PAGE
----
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Surgery. 2016 Dec;160(6):1605-1611. doi: 10.1016/j.surg.2016.05.019. Epub 2016 Jul 25.

Real-time ultrasonography for placement of central venous catheters in children: A multi-institutional study.

Author information

1
Department of Pediatric Surgery, Arkansas Children's Hospital, Little Rock, AR. Electronic address: lgurien@gmail.com.
2
Department of Pediatric Surgery, Vanderbilt University Medical Center, Nashville, TN.
3
Department of Pediatric Surgery, Children's Hospital of Alabama, Birmingham, AL.
4
Department of Pediatric Surgery, Medical University of South Carolina, Charleston, SC.
5
Department of Pediatric Surgery, Washington University School of Medicine, St. Louis, MO.
6
Department of Pediatric Surgery, Albany Medical Center, Albany, NY.
7
Department of Pediatric Surgery, University of Tennessee Health Science Center, Memphis, TN.
8
Department of Pediatric Surgery, Arkansas Children's Hospital, Little Rock, AR.

Abstract

BACKGROUND:

Recommendations for the use of real-time ultrasonography for placement of central venous catheters in children are based on studies involving adults treated by nonsurgeons. Our purpose was to determine the frequency of use of real-time ultrasonography use by pediatric surgeons during central venous catheter placement, patient and procedure factors associated with real-time ultrasonography use, and adverse event rates.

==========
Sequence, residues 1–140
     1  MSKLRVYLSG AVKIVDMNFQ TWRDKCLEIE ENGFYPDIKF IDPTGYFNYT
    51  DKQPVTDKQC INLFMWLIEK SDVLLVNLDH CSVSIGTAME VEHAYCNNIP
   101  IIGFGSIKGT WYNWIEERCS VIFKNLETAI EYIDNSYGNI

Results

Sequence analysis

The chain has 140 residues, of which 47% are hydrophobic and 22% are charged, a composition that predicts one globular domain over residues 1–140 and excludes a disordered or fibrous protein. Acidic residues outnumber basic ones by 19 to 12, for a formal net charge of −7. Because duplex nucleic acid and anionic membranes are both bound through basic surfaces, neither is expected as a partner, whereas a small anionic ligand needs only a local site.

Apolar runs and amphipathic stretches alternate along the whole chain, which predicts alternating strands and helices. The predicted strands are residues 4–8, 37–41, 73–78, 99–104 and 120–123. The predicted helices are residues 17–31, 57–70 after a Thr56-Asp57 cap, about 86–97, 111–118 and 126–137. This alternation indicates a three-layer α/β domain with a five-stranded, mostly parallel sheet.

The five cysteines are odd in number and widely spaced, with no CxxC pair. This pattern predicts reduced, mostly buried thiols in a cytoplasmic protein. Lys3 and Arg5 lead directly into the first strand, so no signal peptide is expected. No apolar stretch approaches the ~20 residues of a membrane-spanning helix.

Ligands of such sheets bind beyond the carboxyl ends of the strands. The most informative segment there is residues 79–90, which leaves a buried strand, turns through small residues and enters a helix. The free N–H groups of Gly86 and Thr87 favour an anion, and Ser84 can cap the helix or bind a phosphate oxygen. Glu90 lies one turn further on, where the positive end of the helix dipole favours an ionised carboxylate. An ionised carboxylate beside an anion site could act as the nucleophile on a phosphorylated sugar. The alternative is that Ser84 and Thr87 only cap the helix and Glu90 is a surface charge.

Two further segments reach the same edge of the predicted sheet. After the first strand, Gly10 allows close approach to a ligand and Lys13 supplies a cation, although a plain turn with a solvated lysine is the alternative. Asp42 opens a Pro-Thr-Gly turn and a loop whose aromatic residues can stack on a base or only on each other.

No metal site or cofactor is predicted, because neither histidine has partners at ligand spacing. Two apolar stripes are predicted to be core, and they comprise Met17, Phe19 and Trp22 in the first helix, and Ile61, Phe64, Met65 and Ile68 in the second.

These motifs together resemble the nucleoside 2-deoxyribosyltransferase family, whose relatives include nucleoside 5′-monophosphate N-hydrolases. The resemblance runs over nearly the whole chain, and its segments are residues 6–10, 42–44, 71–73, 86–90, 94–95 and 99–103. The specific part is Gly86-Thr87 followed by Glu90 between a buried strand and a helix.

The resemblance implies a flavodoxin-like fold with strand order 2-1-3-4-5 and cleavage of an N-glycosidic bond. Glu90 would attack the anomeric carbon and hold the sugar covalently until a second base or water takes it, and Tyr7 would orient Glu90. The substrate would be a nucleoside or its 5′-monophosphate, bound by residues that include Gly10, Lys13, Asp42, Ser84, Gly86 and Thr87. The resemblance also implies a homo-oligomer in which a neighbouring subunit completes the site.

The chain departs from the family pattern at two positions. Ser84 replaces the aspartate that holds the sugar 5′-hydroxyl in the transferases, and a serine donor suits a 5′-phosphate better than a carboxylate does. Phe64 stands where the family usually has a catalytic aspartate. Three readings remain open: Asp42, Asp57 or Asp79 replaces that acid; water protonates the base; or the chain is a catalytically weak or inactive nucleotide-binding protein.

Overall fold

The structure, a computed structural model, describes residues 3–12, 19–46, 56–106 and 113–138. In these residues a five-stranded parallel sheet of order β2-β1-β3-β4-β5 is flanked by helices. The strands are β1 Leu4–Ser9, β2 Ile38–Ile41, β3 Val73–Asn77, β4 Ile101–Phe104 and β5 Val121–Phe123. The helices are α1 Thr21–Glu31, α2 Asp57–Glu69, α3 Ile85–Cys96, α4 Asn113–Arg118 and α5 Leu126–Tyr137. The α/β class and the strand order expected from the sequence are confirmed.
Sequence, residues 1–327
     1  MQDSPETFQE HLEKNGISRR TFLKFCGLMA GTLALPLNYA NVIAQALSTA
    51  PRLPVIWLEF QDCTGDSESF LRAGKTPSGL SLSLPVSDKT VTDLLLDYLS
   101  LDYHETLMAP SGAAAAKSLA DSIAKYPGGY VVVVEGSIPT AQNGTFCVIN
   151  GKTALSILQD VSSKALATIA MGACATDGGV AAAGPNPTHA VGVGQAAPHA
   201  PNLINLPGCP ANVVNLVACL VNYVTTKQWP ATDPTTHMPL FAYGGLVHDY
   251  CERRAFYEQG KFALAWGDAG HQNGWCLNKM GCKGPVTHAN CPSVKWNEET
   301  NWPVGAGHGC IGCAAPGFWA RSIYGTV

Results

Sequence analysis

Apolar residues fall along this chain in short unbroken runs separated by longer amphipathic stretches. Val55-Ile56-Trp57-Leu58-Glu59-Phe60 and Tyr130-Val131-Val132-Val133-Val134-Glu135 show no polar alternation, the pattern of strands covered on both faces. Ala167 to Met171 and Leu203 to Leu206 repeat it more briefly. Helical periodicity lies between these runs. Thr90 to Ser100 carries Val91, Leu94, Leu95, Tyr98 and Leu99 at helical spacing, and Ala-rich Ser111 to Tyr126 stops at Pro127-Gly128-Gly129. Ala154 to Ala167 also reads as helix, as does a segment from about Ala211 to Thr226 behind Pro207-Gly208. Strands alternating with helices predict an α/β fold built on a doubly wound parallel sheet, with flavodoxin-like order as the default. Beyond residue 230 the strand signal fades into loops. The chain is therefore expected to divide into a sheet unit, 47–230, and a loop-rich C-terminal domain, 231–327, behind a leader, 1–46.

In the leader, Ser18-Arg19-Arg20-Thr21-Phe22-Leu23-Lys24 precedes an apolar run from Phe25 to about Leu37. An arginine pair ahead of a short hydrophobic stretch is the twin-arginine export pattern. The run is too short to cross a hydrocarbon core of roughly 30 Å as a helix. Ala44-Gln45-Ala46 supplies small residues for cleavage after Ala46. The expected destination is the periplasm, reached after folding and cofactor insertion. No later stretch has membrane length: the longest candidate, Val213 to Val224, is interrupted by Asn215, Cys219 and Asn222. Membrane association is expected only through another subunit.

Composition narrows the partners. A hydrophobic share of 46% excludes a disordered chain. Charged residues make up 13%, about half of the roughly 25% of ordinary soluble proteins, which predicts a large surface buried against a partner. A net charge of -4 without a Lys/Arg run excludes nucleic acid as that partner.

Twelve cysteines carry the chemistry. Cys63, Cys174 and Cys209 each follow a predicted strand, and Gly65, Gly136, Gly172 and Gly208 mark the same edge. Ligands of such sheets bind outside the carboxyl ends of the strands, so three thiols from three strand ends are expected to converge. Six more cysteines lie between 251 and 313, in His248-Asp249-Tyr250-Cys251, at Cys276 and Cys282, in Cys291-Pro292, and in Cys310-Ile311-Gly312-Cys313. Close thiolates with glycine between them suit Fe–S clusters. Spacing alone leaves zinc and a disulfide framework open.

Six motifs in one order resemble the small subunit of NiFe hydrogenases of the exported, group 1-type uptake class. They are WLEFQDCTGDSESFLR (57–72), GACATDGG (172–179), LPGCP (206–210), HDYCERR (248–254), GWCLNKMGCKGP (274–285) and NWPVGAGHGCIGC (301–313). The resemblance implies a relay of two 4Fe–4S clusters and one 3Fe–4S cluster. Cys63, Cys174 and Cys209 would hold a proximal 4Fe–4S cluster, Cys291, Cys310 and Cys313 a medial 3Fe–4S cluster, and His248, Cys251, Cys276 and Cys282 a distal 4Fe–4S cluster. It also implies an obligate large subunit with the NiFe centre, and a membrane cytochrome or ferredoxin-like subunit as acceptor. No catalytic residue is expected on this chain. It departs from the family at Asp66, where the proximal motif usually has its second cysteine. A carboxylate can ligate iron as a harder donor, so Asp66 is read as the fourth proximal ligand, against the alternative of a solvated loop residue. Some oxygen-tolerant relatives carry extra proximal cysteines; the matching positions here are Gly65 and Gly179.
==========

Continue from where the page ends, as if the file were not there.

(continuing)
METHODS:

Using data gathered from 14 institutions, we performed a retrospective cohort study of patients <18 years old who underwent central venous catheter placement. Patient demographics and operative details were collected. We used a logistic regression model to evaluate factors associated with real-time ultrasonography use.

RESULTS:

Real-time ultrasonography was used in 33% of attempts (N = 1,146). The subclavian vein (64%) was accessed preferentially for first site insertion. Real-time ultrasonography was less likely to be used for subclavian vein (odds ratio = 0.002; P < .0001) and more likely to be used when coagulopathy (international normalized ratio >1.5) was present (odds ratio = 11.1; P = .03). The rate of mechanical complications was 3.5%. Real-time ultrasonography use was associated with greater procedural success rates on first-site attempt, but also with a greater risk of hemothorax.

CONCLUSION:

Pediatric surgeons access preferentially the subclavian vein for central venous access, yet are less likely to use real-time ultrasonography at this site. Real-time ultrasonography was superior to the landmark techniques for the first-site procedure success, yet was associated with greater rates of hemothorax. Prospective trials involving children treated by pediatric surgeons are needed to generate more definitive data.

PMID:
27460931
DOI:
10.1016/j.surg.2016.05.019
[Indexed for MEDLINE]

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